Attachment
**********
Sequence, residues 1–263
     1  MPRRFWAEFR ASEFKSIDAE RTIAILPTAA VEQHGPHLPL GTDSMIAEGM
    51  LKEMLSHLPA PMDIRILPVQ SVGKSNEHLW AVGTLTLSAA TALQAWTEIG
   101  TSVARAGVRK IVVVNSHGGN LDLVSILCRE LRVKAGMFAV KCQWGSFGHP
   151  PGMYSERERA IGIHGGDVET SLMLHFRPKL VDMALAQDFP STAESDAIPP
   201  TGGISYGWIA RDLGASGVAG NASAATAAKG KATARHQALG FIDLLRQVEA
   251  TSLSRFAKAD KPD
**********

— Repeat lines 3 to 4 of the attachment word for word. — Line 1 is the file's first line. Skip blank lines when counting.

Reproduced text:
    51  LKEMLSHLPA PMDIRILPVQ SVGKSNEHLW AVGTLTLSAA TALQAWTEIG
   101  TSVARAGVRK IVVVNSHGGN LDLVSILCRE LRVKAGMFAV KCQWGSFGHP